Speaking Against Evil Unsolicited
Common Core has done it again. My sixth grade student has requested that he stay home from school because the study of a story is frightening him. During a discussion with his teacher about my concern, she noted that the study is provided by the Common Core curriculum.
The story is “The Tell-Tale Heart,” by Edgar Allan Poe. Here are a few excerpts from Poe’s classic story that gives the writer’s account of his character's experience in killing an elderly man by suffocation.
“I heard many things in hell… once conceived, it haunted me day and night… I loved the old man. He had never wronged me. He had never given me insult… very gradually-I made up my mind to take the life of the old man… Death, in approaching him had stalked with his black shadow before him, and enveloped the victim… the beating of the old man’s heart. It increased my fury, as the beating of a drum stimulates the soldier into courage… the hellish tattoo of the heart increased… so strange a noise as this excited me to uncontrollable terror… I dragged him to the floor, and pulled the heavy bed over him. I then smiled gaily, to find the deed so far done… I dismembered the corpse… I then took up three planks from the flooring of the chamber, and deposited all between the scantlings.”
The question I ponder is, “What kind of evil would possess a man to do such a thing?” Such spiritual forces will not be properly identified in the classroom and the young mind is left with no answer in contemplation of the action: killing to satisfy desire.
Here is what I wrote to the teacher:
“Is there a way that my son can be excused from your study of Edgar Allan Poe's short story entitled, "The Tell-Tale Heart"?
I understand that this is classical literature. However, it is the thing that we do not understand that frightens us the most.
Poe describes his character's intent and thrill in killing the old man. Yet we do not understand his motivation. As represented, it is a senseless killing.
It seems that Poe elevates the criminal act as some perverse feeling of gratification his character receives in killing another human being, violence that is unsolicited, certainly unjustified.
This kind of evil is frightening.
Perhaps the evil portrayed in Poe's story is the kind of evil possessed by the man who killed most recently at Las Vegas. What do you really believe is the source of such evil, and despite literary acclaim, should we expose innocent minds to such confusion??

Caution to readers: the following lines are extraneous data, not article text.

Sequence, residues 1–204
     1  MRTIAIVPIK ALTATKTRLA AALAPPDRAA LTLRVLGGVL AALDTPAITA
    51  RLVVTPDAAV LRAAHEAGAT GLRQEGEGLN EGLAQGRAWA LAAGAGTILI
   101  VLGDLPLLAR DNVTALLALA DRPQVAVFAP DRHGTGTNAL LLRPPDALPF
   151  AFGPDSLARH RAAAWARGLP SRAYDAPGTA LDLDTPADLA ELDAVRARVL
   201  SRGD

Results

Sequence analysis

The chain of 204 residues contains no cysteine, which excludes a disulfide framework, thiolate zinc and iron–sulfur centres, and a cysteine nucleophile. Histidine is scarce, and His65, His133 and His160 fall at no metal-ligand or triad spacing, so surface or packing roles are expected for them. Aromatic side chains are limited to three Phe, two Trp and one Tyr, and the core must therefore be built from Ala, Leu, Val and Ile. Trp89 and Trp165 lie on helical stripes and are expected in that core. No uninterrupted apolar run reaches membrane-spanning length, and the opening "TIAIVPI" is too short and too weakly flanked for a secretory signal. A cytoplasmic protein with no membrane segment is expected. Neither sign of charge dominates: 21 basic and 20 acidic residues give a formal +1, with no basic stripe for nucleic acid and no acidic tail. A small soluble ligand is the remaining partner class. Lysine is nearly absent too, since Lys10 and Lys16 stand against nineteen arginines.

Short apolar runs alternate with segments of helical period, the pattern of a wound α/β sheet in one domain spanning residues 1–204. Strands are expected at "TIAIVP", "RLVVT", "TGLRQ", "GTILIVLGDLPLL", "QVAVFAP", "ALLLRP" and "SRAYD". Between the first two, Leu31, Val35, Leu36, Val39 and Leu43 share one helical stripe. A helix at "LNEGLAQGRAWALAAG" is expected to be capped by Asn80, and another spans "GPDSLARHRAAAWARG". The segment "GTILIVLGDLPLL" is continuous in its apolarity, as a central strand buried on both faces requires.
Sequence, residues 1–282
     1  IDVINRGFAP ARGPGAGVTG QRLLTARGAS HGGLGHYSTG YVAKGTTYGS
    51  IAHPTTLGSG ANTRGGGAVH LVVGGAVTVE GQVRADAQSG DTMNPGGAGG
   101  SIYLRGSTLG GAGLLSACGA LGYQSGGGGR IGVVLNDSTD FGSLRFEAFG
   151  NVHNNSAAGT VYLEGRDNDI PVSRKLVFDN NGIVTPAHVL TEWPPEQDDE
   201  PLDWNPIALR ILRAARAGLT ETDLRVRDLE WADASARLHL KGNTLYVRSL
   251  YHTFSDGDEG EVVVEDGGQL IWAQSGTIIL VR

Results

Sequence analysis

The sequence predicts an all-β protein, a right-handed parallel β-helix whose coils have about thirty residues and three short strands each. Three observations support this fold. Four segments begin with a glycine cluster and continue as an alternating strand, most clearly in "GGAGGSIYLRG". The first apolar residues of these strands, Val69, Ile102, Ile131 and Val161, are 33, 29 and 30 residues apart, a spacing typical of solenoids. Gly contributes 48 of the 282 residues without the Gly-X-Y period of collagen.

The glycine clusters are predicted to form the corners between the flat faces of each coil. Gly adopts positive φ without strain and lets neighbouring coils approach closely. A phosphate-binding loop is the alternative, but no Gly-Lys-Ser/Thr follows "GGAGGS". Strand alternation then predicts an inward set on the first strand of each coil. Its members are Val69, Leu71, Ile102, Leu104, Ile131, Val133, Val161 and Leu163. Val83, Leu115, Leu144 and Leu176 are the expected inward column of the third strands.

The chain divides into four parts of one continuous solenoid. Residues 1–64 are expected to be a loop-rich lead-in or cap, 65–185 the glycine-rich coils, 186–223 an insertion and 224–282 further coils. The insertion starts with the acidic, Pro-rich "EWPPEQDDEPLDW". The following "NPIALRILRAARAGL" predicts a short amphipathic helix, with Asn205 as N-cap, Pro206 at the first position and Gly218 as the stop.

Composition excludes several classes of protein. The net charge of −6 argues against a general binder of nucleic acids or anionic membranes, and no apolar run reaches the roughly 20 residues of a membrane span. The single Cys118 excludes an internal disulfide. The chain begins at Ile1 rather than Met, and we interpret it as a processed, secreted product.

Even if Poe's story is not to be taken literally, but in a poetic sense, what is his message and purpose? Is it to enlighten one to the power of the conscience? Even so, his indulgence of the dark and evil places he has described, in my opinion, is not a justified means unto this end. It is his portrayal of the darkness that leaves the lasting impression.
Perhaps the result, even if not the intent of the writer, is to expose innocence to a corrupting knowledge of the pleasures of evil?
It's got to be pretty intense for an 11-12 year old child. I would enjoy such a weighty discussion with adult friends!
These are my thoughts on the subject. Perhaps my son is not yet mature enough to consider such weighty matters.
I am also requesting that my son not be singled out in front of his class or embarrassed in any way. He does not deserve this.
He has requested that he stay home from school, and understanding the nature of his fright, I am inclined to do so if you will inform me of when the story will be discussed in class. Should I come and pick him up today before your class begins?
Thank you for your understanding!”
The teacher was very polite, respectful, and accommodating. She agreed to discretely provide another reading assignment for my son and to place him in another room to work on it while his classmates discussed Poe’s character's urging to kill.
As a father I feel a strong need to guard my son’s heart. The answers to explain such evil are in the Bible and we are encouraged in Ephesians, Chapter 6, to guard against evil powers.
Why is it that Common Core and the public school system will present a discussion of evil but not include a meaningful explanation of its source and its affect on humanity? Theirs is truly a one-sided discussion.
Furthermore, we must teach our children that the attractions of evil are vicious lies, and that the father of such lies is already defeated.
They must learn of the power to overcome evil.
This Halloween, as the world proclaims a false victory for evil, please, discuss with your children the power of God’s love, sacrificial and victorious: over sin, the temptation to sin, and the power of sin and evil.
For the sake of the True Telling Heart, the bleeding heart of our Savior Jesus Christ, we must not let the lure of evil present itself in our homes, schools, and communities unchecked.
Please share this blog using the social media symbols shown below or copy and paste the following link into your text message:
"This book is meant to be shared." Tell your friends to visit UpdykeBooks.com.
Blessings! Alan Updyke